Adapted from the Japanese graphic novel All You Need is Kill, Edge of Tomorrow stars Tom Cruise as military recruiter Major William Cage forced into service on the front lines of a war between humanity and an unstoppable alien race known as Mimics. Despite dying rather early on his first day in the field, Cage finds himself somehow still alive reliving the previous day’s events over and over, each time more aware of events and what what must be done to win the war.
With the bad taste of Oblivion still fresh, I wasn’t expecting too much from Cruise stepping so quickly back into a sci-fi film. With a structure which will get it compared to Groundhog Day and Source Code, Edge of Tomorrow delivers a smarter-than-expected summer flick which relies heavily on Cruise and co-star Emily Blunt as the kick-ass face of the United Defense Force who alone understands what his character is going through. Although I think the end is a bit too cute for its own good (much like Source Code) director Doug Liman balances action, suspense, and horror with a surprising amount of humor.
In a story in which our main character can’t ever truly die, the script by delivers tension with Cage’s repeated attempts to change history on that fateful day beginning with an honest account of events (which only makes him appear exactly like the deserter his fellow grunts believe him to be) and his growing relationship with Rita Vrataski (Blunt) who alone has experienced the same phenomena in which Cage finds himself trapped and quickly realizes his ability offers them the best chance to win the war.
As you might expect Cage dies many, many times over the course of the film in which he’s transformed by Rita from a coward unwilling to take a battlefield assignment to one of the deadliest killers on the front line. The struggles of his training create one of the most humorous sequences in a montage of Vita killing him over and over, resetting the day in hope that he’ll do better the next time around. Cage’s attempts to navigate events range from comical to dramatic as Liman and screenwriters Christopher McQuarrie, Jez Butterworth, and John-Henry Butterworth choose carefully when, and when not, to clue us in when Cage is re-experiencing an event and when he finds himself on a completely new path.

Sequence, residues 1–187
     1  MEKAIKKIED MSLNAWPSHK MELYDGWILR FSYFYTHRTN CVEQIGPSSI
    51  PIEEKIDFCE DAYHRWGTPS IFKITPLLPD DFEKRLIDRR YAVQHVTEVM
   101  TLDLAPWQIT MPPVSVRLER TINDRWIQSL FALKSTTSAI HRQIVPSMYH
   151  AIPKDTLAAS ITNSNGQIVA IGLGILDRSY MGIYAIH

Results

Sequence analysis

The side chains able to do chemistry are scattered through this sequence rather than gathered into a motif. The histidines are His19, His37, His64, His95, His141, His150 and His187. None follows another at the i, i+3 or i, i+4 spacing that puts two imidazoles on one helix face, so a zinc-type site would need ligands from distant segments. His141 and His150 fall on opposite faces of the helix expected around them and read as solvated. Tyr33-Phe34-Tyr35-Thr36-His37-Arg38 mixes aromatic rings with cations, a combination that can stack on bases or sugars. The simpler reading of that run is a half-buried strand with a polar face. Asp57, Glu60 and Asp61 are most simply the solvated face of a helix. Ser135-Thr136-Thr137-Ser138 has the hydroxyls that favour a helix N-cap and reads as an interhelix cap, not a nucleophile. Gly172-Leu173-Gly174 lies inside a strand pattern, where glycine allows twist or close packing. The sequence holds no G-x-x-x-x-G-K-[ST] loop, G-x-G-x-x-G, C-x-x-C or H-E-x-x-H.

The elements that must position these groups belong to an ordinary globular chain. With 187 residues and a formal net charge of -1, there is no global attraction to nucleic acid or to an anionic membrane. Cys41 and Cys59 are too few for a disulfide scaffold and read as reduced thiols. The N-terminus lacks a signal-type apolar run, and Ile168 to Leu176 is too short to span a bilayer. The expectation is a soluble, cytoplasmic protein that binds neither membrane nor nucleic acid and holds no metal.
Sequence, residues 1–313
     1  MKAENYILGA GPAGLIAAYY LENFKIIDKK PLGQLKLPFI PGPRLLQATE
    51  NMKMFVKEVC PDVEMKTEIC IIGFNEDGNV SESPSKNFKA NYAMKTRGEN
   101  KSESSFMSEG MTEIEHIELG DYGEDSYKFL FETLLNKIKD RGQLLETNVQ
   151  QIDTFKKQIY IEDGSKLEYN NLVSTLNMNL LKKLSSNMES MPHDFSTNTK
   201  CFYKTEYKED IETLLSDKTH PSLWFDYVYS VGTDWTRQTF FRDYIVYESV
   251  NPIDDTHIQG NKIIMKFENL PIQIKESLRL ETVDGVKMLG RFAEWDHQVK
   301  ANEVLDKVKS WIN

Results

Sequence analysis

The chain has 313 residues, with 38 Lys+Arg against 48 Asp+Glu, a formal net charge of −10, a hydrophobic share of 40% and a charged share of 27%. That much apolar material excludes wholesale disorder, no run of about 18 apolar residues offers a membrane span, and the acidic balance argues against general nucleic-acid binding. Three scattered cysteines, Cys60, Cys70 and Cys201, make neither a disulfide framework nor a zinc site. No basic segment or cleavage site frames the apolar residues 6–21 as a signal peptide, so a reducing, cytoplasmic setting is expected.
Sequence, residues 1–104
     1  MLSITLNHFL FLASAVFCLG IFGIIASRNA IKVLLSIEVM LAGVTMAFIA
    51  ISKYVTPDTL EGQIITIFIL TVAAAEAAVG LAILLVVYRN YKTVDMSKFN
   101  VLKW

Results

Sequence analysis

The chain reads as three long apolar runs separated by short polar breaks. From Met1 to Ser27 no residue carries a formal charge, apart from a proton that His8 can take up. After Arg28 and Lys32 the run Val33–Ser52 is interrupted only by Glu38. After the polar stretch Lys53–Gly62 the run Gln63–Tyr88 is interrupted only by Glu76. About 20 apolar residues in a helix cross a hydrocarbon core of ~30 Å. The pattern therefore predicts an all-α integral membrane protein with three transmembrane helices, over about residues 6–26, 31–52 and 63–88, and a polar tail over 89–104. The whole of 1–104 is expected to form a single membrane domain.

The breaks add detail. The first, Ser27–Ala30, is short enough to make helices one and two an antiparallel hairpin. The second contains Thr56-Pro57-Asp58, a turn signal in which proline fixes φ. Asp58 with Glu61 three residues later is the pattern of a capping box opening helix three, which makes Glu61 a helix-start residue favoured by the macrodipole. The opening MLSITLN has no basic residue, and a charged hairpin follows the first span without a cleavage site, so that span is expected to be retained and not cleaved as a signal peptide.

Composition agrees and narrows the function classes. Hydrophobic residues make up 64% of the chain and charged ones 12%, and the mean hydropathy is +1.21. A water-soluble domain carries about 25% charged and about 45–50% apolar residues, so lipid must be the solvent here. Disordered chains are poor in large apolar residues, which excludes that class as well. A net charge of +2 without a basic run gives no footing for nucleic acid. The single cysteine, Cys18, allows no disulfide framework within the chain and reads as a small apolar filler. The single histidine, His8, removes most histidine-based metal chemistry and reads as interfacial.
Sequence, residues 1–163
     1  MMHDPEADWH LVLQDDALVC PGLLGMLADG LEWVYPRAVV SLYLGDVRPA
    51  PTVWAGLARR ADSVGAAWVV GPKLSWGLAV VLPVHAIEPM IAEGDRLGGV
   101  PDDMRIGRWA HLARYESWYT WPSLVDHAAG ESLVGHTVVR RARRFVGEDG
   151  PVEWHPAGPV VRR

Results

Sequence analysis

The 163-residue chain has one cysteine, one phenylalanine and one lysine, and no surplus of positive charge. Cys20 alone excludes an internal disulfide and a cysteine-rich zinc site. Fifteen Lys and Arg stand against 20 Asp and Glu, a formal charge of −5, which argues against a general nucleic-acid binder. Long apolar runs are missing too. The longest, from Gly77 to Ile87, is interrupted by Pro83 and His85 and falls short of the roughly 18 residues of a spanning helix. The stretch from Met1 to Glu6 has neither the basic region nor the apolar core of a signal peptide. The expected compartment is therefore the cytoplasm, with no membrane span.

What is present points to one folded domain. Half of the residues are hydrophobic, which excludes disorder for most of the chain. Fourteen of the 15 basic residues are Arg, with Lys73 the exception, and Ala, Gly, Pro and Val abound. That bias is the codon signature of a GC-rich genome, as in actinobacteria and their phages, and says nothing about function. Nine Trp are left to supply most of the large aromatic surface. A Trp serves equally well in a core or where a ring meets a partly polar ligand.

The Mimics are blurs of motion who appear to be balls of tangled yarn with a brightly-colored center. The movie makes no attempt to understand or present a perspective from the enemies side (a smart choice), nor does it really explain what the soldiers are doing to kill the creatures (are there actually vital organs in that light-colored center?). We also are never offered a reason as to why the aliens where given the name Mimics as the creatures don’t actually mimic either human likeness or behavior in any way. Despite having no real weapons other than camouflage, and quick and deadly movement, the creatures are more than a match for the well-armed soldiers they slaughter every day Cage wakes up to a new day.
Writing in Rita’s own experience with time travel and how she lost the ability sets the ground for the movie’s final act when the script shakes things up by changing the rules completely forcing Cage and Rita to carve out a new path to get the job done as the pair search for the heart of the Mimic’s invasion each has had glimpses of in visions during their various resets.
Edge of Tomorrow is far from perfect as you can nitpick the Mimics, the science of the film, the actions of General Brigham (Brendan Gleeson) who throws Cage into battle against his will, and Cage’s free access to the base after being branded a deserter and thrown in with the worst-prepared (and comically cliched) squad of soldiers, but it’s an engaging, well-paced, entertaining hero tale about time travel and the end of the world that proves Cruise can still carry an action-heavy movie and Blunt will add grace to any film in which she’s cast.